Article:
NEW YORK – After landing a $1 billion private equity round in March, idealab! is solidifying a syndicate of investment bankers to lead its public offering later this year.
After shopping the possibility of an initial public offering to the Street as early as December, Goldman, Sachs & Co. is believed to have won the beauty contest to lead the lucrative idealab! offering, according to one syndicate official familiar with the negotiations. A Securities and Exchange Commission filing for the idealab! IPO, which could value the Pasadena, Calif.-based VC north of $8 billion, was expected in late March.
As publicly held investment firms such as Safeguard Scientifics, Internet Capital Group and CMGI provide outsized returns to their shareholders, sources say a handful of other privately held venture capital firms are thinking about going public as well.
The list of rumored candidates speaks to the magnitude of the opportunity general partners see coming. At least a dozen different firms were mentioned, but the following names came up more than once – Draper Fisher Jurvetson, Kleiner Perkins Caufield & Byers, Benchmark Capital and, interestingly enough, CMGI’s @Ventures. Officials at these firms either declined to comment or did not return phone calls.
“I think everybody is looking at and evaluating the public markets,” said a general partner whose firm is looking at the option. “Look at ICG. It is a $30 billion entity that went public with no track record. A lot of these funds have track records, and it would be irresponsible not to consider these options.”
Indeed, there are plenty of incentives for VC firms to go public – namely, the chance to obtain higher public valuations, establish brand recognition and prepare a path to exit for senior partners.
“Firms have been trying to do it for 40 years, and Safeguard and CMGI are putting pressure on the SEC to relax regulations,” said Joseph Bartlett, a partner at New York-based law firm Morrison & Foerster.
The specific regulation to which Bartlett refers is the Investment Company Act of 1940. Under the rules of this act, an investment firm must hold a controlling interest in approximately 60% of its portfolio companies, otherwise the SEC considers it to be a mutual fund. Among other uses, idealab! has earmarked proceeds from the $1 billion placement to increase its stake in the 50 portfolio companies in its stable.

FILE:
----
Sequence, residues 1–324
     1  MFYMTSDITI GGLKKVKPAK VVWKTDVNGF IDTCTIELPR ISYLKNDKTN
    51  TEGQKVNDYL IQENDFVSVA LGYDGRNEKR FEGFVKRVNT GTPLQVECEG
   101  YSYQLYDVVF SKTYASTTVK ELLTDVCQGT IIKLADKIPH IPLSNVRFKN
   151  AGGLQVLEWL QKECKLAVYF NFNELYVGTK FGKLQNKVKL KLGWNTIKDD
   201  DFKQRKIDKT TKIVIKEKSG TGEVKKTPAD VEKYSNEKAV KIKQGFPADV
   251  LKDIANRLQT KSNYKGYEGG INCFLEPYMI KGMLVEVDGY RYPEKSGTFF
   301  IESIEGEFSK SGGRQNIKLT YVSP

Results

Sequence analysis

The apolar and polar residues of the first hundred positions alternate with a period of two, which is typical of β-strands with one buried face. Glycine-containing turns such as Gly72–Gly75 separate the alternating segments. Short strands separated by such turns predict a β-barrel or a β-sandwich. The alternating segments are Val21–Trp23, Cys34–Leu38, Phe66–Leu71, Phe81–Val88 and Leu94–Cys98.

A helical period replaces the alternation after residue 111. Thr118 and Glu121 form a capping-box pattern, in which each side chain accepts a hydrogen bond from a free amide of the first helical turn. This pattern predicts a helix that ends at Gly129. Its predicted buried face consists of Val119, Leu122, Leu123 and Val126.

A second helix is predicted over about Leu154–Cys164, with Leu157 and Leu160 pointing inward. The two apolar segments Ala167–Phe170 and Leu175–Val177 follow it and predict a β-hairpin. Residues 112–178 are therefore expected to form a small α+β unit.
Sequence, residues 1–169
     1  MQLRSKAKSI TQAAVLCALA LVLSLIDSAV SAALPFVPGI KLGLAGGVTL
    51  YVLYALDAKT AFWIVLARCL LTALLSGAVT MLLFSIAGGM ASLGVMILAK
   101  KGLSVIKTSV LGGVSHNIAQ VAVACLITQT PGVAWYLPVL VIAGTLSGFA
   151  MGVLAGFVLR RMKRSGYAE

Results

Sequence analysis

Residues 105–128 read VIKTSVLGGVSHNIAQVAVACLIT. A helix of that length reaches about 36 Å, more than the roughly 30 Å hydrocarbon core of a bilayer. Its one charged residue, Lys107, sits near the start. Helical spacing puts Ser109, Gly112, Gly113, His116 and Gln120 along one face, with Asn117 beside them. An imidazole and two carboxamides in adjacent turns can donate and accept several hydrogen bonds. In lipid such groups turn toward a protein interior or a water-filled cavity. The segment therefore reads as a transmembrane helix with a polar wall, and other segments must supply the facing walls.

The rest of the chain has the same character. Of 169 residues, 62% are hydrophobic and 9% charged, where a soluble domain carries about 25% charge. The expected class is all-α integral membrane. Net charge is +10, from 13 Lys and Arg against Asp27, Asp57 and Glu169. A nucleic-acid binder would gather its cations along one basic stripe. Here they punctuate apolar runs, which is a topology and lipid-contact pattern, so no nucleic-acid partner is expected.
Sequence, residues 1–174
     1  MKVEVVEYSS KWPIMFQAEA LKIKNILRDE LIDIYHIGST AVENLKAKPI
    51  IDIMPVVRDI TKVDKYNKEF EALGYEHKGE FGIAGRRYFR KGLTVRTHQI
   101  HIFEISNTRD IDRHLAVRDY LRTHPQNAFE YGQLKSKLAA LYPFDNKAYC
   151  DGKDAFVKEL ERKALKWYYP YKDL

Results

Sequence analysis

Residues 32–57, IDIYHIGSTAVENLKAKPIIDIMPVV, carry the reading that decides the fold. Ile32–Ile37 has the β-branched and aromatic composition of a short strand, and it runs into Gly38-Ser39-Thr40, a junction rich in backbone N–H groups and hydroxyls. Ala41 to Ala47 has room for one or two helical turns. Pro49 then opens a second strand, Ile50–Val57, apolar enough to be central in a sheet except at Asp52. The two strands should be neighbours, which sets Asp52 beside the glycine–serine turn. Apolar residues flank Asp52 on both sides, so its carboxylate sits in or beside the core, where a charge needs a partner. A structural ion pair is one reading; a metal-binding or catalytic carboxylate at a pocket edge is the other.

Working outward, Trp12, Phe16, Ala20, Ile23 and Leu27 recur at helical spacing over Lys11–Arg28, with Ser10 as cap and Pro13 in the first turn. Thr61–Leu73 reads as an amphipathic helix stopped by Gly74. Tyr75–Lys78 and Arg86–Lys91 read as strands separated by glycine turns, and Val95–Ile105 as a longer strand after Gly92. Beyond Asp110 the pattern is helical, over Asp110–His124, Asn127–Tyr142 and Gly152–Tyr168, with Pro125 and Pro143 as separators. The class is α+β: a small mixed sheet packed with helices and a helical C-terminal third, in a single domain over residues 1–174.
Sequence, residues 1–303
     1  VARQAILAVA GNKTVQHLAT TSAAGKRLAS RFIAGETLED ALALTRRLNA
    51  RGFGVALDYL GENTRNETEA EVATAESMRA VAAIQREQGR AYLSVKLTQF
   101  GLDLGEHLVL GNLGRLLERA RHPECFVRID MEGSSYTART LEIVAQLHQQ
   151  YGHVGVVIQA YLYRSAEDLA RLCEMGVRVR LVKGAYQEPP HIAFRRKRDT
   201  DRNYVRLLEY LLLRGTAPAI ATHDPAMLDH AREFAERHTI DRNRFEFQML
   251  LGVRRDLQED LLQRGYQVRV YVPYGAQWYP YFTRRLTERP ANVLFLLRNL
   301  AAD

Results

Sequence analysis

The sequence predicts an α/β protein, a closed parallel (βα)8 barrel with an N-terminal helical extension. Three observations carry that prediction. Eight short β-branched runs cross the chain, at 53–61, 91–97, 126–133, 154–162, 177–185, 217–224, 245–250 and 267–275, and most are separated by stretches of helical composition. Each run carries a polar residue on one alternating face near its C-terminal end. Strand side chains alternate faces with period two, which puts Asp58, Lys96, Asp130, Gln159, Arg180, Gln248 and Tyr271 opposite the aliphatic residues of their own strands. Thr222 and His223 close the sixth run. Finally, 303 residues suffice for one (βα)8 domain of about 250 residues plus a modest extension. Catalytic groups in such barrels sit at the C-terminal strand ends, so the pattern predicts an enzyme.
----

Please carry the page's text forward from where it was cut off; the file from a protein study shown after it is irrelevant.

“We are very familiar with the 1940 Act and are doing everything we can to remain in compliance with it,” noted one idealab! official.
Bartlett worked with the Madison Fund in 1980 to push amendments through that would allow venture firms to list as public companies.
“Firms are asking that they be given latitude to be publicly held and not be treated as a mutual fund,” Bartlett said. “I submit that with this pressure, the dam is going to burst.”
Consideration of public offerings creates questions as to what would happen to limited partners. One California-based source says the LP issue is the “$64,000 question that no one has figured out yet.”
The general consensus seems to be that LPs would still invest in the firms, and that GPs would only float the carried interest in the public markets. However, some question that model, and acknowledge that the potential of antagonizing limited partners may prevent some from filing.
A final intrigue in the puzzle is that as the private equity market matures, senior partners are nearing retirement and want to secure an exit strategy, says a private equity pro at a bulge-bracket investment bank.
“It’s like a cult of personality – if the top person leaves then they are in trouble,” the source said. “Look at Putnam getting close to Tom Lee. They have sex appeal [for Putnam], and it is a natural exit for the [Tom Lee] senior partners.”
According to the source, the increased number of private equity firms partnering with groups that make long-term commitments to the funds – AIG/Blackstone, Thomas Weisel/CalPERS among others – signals an effort by all private equity firms, not just VCs, to move from specialization into generalized merchant banking.
To be sure, there is much work to be done before firms make the final IPO decisions, but the logic of the investment bank source seems likely to win over investment professionals.
“The only thing better than a 20% carry is someone putting a 25 times multiple on the whole portfolio.”